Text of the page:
Opportunity Missed

The cover story in the current Business Week contains a powerful photograph of a man in New York’s Times Square. I don’t know him or anything about his situation, and hope he finds a job soon. But I can’t help but lament the opportunity he may have missed.

Within that missed opportunity is a copywriting lesson for all advertisers.


In case the text is too small to read, here’s what the sign said:

Almost Homeless

Looking for Employment

Very Experienced Operations
Administration Manager

Desperately seeking full time
with insurance benefits
for self and family
Disabled wife on 15 medications

Request a copy of my resume!

Any kind of help would be greatly appreciated

That sign was seen by hundreds, if not thousands, of people walking by as he stood on the street. This week, it will be seen by hundreds of thousands of business people who read the magazine. Some of those people might be in a position to hire him.

If only the sign had given those hiring managers a reason to interview him, and a way to get in touch.

The man has something of value to sell — his time and labor. He’s the advertiser, his sign is his advertising medium, and hiring managers are his prospects. Unfortunately, the copy is all about him, and not about his prospects.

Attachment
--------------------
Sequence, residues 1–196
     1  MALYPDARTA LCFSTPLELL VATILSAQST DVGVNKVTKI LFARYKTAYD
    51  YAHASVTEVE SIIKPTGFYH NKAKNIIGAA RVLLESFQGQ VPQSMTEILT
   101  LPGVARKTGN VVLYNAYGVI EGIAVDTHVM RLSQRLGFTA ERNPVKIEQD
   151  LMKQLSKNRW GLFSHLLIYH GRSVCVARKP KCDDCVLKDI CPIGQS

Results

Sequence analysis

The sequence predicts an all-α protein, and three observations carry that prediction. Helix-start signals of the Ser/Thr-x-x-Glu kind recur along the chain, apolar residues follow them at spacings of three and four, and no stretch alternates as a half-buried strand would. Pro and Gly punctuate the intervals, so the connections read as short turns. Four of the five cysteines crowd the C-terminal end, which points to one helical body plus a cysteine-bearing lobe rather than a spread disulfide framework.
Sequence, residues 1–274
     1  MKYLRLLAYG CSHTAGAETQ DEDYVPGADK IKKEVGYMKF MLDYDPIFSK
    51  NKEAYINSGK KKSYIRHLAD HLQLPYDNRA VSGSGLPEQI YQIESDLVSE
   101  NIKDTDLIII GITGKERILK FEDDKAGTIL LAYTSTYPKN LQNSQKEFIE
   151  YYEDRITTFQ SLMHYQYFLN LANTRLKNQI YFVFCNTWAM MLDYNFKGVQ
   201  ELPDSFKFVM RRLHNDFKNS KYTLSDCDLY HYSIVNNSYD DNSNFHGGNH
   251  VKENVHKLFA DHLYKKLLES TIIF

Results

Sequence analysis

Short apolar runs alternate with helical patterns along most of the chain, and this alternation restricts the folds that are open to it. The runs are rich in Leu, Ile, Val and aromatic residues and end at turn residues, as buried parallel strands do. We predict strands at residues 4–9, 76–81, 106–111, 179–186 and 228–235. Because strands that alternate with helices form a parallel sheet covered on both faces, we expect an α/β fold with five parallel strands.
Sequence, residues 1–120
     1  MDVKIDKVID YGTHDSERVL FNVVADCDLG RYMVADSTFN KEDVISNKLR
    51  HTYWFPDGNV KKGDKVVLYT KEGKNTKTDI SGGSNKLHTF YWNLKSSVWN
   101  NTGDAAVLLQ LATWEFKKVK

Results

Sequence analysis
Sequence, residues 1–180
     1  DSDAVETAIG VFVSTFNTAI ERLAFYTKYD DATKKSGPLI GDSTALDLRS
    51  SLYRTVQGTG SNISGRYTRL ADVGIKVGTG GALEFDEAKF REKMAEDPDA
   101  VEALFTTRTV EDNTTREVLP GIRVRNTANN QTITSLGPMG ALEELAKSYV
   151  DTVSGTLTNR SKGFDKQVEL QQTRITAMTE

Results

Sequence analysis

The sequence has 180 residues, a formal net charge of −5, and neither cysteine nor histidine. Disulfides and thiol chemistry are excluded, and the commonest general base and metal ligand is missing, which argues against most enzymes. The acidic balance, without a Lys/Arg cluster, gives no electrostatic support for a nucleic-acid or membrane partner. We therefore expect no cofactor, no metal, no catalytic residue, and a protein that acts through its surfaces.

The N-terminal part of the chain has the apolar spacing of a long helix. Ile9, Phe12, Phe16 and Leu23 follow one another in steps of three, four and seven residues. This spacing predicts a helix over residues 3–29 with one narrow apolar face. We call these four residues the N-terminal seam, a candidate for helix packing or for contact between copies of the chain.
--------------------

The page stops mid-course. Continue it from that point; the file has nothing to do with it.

That same sign could have contained some basic information about his experience and skills. It could have talked about the value he could deliver, and the problems he could solve, for a potential employer. It could have contained a phone number or email address — that contact information would now be in the hands of every Business Week reader.

I don’t mean to make light of his situation — I feel awful for him and his family, and sincerely hope that as I write this post, he’s getting ready for his first day at a new job.

Copywriting guru Dan O’Day puts it this way: “Don’t tell me about your grass seed. Tell me about my lawn.”

Your odds of success will increase when you make the message about your prospect, not about you.


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